Subject(s)
Anti-Retroviral Agents/supply & distribution , Antiretroviral Therapy, Highly Active/methods , COVID-19 , Continuity of Patient Care , HIV Infections/drug therapy , Health Services Accessibility , Adult , Anti-Retroviral Agents/administration & dosage , Anti-Retroviral Agents/therapeutic use , COVID-19/epidemiology , COVID-19/psychology , China/epidemiology , Female , HIV Infections/epidemiology , HIV Infections/psychology , Humans , Male , Pandemics , Qualitative Research , SARS-CoV-2 , Stakeholder Participation
7.
J Int AIDS Soc ; 23(11): e25637, 2020 11.
Article in English | MEDLINE | ID: covidwho-897817

ABSTRACT

INTRODUCTION: Social disruption associated with coronavirus disease 2019 (COVID-19) threatens to impede access to regular healthcare, including for people living with HIV (PLHIV), potentially resulting in antiretroviral therapy (ART) interruption (ATI). We aimed to explore the characteristics and factors associated with ATI during the COVID-19 outbreak in China. METHODS: We conducted an online survey among PLHIV by convenience sampling through social media between 5 and 17 February 2020. Respondents were asked to report whether they were at risk of ATI (i.e. experienced ATI, risk of imminent ATI, threatened but resolved risk of ATI [obtaining ART prior to interruption]) or were not at risk of ATI associated with the COVID-19 outbreak. PLHIV were also asked to report perceived risk factors for ATI and sources of additional ART. The factors associated with the risk of ATI were assessed using logistic regression. We also evaluated the factors associated with experienced ATI. RESULTS: A total of 5084 PLHIV from 31 provinces, autonomous regions and municipalities in mainland China completed the survey, with valid response rate of 99.4%. The median age was 31 years (IQR 27 to 37), 96.5% of participants were men, and 71.3% were men who had sex with men. Over one-third (35.1%, 1782/5084) reported any risk of ATI during the COVID-19 outbreak, including 2.7% (135/5084) who experienced ATI, 18.0% (917/5084) at risk of imminent ATI and 14.4% (730/5084) at threatened but resolved risk. PLHIV with ATI were more likely to have previous interruptions in ART (aOR 8.3, 95% CI 5.6 to 12.3), travelled away from where they typically receive HIV care (aOR 3.0, 95% CI 2.1 to 4.5), stayed in an area that implemented citywide lockdowns or travel restrictions to control COVID-19 (aOR 2.5, 95% CI 1.4 to 4.6), and be in permanent residence in a rural area (aOR 3.7, 95% CI 2.3 to 5.8). CONCLUSIONS: A significant proportion of PLHIV in China are at risk of ATI during the COVID-19 outbreak and some have already experienced ATI. Correlates of ATI and self-reported barriers to ART suggest that social disruptions from COVID-19 have contributed to ATI. Our findings demonstrate an urgent need for policies and interventions to maintain access to HIV care during public health emergencies.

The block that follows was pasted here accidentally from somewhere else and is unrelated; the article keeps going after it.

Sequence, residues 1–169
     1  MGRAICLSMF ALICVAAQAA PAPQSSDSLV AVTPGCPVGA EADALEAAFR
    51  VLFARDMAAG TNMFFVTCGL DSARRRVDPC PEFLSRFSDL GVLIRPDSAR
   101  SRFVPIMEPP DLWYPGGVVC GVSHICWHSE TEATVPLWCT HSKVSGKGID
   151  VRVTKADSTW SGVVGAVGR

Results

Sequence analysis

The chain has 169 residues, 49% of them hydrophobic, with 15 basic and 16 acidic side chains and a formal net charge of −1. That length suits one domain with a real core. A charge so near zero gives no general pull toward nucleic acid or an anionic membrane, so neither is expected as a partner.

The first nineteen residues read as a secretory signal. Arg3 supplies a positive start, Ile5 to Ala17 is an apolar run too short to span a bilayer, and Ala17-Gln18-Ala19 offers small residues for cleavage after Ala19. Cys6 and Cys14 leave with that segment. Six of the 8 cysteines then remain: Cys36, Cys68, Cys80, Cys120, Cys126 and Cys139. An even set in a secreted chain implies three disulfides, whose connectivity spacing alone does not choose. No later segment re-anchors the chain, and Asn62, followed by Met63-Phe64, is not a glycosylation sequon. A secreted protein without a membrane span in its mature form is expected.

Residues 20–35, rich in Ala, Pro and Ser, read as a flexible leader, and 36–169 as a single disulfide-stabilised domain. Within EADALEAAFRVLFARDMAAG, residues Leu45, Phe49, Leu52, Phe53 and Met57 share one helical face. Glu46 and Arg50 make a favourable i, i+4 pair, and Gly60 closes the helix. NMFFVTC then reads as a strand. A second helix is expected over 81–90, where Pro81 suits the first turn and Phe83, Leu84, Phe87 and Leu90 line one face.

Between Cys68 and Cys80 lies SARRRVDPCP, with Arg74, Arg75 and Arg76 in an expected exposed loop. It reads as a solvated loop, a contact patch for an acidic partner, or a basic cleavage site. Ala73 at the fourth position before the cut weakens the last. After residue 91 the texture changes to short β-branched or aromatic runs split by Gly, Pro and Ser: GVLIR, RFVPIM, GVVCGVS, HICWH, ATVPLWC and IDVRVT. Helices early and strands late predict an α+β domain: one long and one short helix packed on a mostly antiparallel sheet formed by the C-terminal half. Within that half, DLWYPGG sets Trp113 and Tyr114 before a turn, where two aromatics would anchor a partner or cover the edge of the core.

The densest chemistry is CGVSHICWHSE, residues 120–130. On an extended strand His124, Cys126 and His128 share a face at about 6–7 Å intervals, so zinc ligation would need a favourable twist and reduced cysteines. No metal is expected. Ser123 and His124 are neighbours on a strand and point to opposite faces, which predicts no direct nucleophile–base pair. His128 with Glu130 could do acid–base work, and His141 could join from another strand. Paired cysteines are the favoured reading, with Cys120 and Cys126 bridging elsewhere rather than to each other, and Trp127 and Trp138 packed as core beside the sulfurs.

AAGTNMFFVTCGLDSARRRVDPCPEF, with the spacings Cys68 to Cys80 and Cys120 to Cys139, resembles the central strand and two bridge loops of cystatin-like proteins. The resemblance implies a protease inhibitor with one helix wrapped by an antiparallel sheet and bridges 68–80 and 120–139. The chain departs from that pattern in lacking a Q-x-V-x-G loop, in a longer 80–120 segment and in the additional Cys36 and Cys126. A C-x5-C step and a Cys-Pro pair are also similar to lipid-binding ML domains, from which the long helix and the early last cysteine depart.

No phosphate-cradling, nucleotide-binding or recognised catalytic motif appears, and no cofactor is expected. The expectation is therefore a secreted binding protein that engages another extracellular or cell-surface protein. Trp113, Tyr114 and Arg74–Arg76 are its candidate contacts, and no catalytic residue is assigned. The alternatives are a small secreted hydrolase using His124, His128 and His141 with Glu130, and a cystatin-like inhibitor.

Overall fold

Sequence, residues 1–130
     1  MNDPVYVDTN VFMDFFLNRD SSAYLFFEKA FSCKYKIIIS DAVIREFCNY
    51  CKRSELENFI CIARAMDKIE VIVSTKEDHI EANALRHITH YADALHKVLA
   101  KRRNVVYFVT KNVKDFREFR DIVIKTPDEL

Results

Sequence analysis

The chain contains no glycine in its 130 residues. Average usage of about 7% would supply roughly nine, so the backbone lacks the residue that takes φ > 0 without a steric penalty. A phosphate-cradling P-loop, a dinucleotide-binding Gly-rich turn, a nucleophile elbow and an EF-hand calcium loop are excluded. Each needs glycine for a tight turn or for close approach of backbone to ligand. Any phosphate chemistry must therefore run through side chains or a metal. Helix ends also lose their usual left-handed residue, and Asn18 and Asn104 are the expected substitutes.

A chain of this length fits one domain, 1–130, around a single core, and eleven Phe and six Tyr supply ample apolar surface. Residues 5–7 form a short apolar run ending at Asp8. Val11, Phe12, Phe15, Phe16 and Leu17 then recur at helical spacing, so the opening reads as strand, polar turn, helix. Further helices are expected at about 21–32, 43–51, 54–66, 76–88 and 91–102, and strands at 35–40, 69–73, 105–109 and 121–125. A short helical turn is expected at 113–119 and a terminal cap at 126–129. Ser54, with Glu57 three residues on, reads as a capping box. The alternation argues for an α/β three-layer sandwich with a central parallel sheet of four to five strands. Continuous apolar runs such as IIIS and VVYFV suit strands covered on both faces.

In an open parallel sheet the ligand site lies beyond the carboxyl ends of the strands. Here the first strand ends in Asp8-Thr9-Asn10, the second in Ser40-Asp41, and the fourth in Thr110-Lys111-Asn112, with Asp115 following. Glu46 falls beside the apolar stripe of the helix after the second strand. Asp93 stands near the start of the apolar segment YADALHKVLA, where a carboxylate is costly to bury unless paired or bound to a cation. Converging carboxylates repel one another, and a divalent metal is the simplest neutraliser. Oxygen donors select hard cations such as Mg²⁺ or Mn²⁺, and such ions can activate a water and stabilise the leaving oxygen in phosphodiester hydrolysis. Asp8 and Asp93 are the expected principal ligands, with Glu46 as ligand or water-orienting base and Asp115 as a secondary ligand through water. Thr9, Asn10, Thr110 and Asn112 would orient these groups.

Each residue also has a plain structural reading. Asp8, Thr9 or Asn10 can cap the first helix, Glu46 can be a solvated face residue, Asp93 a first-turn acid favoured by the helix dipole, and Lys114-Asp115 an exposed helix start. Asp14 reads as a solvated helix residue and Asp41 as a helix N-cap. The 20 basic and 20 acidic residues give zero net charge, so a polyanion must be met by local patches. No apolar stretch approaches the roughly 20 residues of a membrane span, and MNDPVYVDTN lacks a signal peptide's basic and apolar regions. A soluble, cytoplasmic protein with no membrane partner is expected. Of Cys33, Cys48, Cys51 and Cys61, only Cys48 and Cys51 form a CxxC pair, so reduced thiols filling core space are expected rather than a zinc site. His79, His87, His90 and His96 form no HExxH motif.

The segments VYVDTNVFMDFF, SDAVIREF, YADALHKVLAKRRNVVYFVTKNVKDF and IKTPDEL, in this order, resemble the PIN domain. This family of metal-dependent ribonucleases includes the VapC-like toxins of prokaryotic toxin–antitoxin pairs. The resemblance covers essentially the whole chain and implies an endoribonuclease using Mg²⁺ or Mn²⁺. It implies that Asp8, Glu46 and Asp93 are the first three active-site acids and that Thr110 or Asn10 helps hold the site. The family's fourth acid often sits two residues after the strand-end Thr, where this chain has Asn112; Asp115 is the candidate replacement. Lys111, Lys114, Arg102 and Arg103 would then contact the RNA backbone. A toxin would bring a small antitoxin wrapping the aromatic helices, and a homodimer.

Subject(s)
Anti-Retroviral Agents/supply & distribution , Anti-Retroviral Agents/therapeutic use , COVID-19/epidemiology , Continuity of Patient Care , HIV Infections/drug therapy , SARS-CoV-2 , Adult , Anti-Retroviral Agents/administration & dosage , China/epidemiology , Cross-Sectional Studies , Female , Health Care Surveys , Humans , Logistic Models , Male , Middle Aged , Risk Factors , Rural Population , Surveys and Questionnaires , Travel